It’s not unusual for the topic of money to be the elephant in the room at Boston College, what with such high costs of tuition and visible differences in students’ socioeconomic classes. However, lately it’s the university’s bank account that’s got people talking, as the recent annual report for 2014 revealed that BC’s endowment has recently surpassed $2 billion, up 10% from last year’s $1.98 billion.
BC's endowment may still seem small compared the $30 billion Harvard has in its coffers, but given the exponential growth of the sum (it has grown over 100 fold since 1980), people are starting to take notice of the university’s financial health. BC is rising to prominence in terms of endowments, and perhaps that’s a positive reflection of alumni commitment to the university and its values.
It’s no secret that many equate the size of each university’s endowment with the level of academic prestige, but what goes on with those numbers is a lot less clear to many people. While a lot of the money is spent on funding day-to-day operations and providing scholarships at such universities as BC, the paradoxical truth is that schools at the top have the majority of the wealth, and less than 1% of the students. And anyone who has ever strolled through Cambridge knows that Harvard’s facility upkeep is a little questionable.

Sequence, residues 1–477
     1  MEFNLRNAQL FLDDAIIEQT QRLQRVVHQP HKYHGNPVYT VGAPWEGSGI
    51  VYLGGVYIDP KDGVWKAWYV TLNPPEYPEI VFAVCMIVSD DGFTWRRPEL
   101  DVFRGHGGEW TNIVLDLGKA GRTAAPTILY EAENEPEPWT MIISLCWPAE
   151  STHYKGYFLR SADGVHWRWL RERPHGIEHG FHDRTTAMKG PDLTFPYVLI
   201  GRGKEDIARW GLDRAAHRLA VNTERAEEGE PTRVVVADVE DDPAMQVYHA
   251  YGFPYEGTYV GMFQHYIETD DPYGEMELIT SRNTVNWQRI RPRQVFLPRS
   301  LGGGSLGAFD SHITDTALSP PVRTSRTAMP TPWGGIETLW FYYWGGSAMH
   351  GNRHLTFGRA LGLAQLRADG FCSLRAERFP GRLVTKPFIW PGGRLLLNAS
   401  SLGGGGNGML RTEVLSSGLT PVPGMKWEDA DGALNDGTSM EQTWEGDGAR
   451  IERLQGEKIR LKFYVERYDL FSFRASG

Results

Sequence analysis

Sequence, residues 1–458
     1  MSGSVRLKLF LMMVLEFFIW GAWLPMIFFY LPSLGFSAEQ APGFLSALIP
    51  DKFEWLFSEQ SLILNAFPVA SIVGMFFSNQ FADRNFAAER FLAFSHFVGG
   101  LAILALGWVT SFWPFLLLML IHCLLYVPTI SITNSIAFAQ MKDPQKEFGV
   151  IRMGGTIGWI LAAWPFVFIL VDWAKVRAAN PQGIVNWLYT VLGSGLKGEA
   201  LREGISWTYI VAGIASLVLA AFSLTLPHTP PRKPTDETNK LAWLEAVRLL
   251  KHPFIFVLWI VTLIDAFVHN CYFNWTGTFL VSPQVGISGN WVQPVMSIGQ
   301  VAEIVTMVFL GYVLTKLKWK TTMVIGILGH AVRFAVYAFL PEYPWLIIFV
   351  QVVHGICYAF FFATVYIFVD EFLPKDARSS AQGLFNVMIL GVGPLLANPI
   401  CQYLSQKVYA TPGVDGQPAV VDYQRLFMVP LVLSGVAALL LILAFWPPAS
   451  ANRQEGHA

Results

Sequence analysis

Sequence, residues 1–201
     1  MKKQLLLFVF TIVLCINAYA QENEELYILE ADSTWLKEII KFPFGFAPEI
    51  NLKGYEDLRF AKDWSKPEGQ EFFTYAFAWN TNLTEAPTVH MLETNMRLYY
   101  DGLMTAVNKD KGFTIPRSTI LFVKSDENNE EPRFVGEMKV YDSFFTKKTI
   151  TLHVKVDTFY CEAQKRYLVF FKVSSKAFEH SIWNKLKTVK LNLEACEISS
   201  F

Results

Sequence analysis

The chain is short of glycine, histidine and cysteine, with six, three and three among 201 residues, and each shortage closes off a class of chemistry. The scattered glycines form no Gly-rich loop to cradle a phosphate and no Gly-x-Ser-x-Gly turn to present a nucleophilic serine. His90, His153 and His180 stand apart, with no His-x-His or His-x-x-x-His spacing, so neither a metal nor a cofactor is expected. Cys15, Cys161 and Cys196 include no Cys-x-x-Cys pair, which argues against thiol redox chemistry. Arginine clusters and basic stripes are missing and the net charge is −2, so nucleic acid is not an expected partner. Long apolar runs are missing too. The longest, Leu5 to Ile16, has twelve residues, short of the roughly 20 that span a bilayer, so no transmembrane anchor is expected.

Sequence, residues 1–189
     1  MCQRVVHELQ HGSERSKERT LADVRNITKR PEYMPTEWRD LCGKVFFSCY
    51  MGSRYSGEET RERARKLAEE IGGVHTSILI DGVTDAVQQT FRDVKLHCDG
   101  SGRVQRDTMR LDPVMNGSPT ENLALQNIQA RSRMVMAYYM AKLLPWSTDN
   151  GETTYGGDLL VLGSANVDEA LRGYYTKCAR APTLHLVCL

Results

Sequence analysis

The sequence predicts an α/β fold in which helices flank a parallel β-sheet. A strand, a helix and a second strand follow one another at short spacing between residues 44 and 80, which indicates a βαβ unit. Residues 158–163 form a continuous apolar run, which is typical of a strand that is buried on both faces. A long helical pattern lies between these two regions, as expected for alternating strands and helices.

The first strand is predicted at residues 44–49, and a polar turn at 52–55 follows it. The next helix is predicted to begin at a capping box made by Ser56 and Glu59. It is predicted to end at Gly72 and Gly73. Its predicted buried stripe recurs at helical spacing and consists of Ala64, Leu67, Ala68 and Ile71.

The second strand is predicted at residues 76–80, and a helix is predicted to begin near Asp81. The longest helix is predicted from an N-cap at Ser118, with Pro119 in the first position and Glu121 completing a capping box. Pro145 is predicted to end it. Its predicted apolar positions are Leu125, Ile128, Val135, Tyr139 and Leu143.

The new Stokes Hall is certainly a shining example of BC’s commitment to using the wealth to better the university, but many people still point to high tuition prices and wonder if BC could be doing more. The truth is, however, the majority of these alumni contributions are given conditionally, with a certain purpose specified. And in fact, BC’s financial statements indicate that $157 million is spent annually in scholarships, fellowships, and prizes. Of course, a lot of that does go toward scholarships for athletes, but BC has received national attention for being a selective school that gives non-wealthy students a break in prices.
Realistically, a lot of this money is tied up in investments, so it’s not as if BC is free to spend it at its leisure. And while the university’s fiscal health may seem insignificant, it’s important to recognize that these contributions by alumni do make a difference. 70% of current BC students receive some form of financial aid, so the endowment is a way of making this world-class education more accessible. So while many students readily complain about what BC chooses to do with the endowment, it’s important to be grateful for the people who are committed to giving to this community.